Journal of Dynamics & Games
January 2021 , Volume 8 , Issue 1
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Generally a biological system is said to be permanent if under small perturbations none of the species goes to extinction. In 1979 P. Schuster, K. Sigmund, and R. Wolff [
Finite mixture models are an important tool in the statistical analysis of data, for example in data clustering. The optimal parameters of a mixture model are usually computed by maximizing the log-likelihood functional via the Expectation-Maximization algorithm. We propose an alternative approach based on the theory of Mean Field Games, a class of differential games with an infinite number of agents. We show that the solution of a finite state space multi-population Mean Field Games system characterizes the critical points of the log-likelihood functional for a Bernoulli mixture. The approach is then generalized to mixture models of categorical distributions. Hence, the Mean Field Games approach provides a method to compute the parameters of the mixture model, and we show its application to some standard examples in cluster analysis.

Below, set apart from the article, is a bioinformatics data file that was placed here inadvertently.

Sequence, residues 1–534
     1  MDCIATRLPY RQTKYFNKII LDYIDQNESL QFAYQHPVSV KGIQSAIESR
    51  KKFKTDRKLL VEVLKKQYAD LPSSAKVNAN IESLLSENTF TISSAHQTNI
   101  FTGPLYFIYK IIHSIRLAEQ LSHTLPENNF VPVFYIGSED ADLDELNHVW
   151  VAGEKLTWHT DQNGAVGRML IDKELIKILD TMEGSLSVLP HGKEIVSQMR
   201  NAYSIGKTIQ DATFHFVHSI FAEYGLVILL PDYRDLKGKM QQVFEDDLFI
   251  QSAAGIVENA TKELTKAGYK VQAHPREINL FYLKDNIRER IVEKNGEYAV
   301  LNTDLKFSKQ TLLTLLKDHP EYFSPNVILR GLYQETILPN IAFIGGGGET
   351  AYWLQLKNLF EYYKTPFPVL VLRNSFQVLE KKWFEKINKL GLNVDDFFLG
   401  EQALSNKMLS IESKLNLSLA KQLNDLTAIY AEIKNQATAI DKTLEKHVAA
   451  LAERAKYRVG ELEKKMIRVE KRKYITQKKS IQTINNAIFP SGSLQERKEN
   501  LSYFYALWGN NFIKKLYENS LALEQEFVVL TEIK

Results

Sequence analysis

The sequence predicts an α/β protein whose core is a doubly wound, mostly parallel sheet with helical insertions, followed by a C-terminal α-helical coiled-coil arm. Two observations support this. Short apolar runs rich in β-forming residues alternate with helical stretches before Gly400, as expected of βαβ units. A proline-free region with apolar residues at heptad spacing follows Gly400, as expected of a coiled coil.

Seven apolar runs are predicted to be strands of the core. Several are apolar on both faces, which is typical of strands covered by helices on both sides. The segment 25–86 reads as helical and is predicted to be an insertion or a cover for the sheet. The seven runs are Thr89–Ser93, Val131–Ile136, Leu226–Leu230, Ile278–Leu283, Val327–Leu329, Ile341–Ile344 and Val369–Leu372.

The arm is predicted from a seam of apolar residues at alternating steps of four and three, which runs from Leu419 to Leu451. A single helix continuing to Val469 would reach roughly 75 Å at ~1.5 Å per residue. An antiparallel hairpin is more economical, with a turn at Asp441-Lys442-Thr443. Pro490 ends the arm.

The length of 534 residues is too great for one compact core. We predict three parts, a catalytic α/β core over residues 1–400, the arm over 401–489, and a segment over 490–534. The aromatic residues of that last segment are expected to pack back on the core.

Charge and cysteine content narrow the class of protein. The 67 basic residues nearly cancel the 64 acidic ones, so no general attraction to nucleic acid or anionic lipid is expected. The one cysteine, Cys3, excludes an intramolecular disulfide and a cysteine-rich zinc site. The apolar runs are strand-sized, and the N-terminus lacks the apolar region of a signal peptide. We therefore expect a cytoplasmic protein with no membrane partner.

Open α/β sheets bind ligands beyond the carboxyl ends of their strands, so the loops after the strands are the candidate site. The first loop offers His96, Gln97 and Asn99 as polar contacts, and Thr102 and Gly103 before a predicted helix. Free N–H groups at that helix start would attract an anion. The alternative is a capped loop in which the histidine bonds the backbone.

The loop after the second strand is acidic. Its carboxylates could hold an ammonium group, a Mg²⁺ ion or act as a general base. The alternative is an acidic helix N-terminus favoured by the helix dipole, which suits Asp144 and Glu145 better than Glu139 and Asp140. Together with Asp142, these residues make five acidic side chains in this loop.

Given two stable matchings in a many-to-one matching market with
In this article, we extend to private ownership production economies, the results presented by Bergstrom, Shimomura, and Yamato (2009) on the multiplicity of equilibria for the special kind of pure-exchanges economies called Shapley-Shubik economies. Furthermore, a dynamic system that represents the changes in the distribution of the firms on the production branches is introduced. For the first purpose, we introduce a particular, but large enough, production sector to the Shapley-Shubik economies, for which a simple technique to build private-ownership economies with a multiplicity of equilibria is developed. In this context, we analyze the repercussions on the behavior of the economy when the number of possible equilibria changes due to rational decisions on the production side. For the second purpose, we assume that the rational decisions on the production side provoke a change in the distribution of the firms over the set of branches of production.
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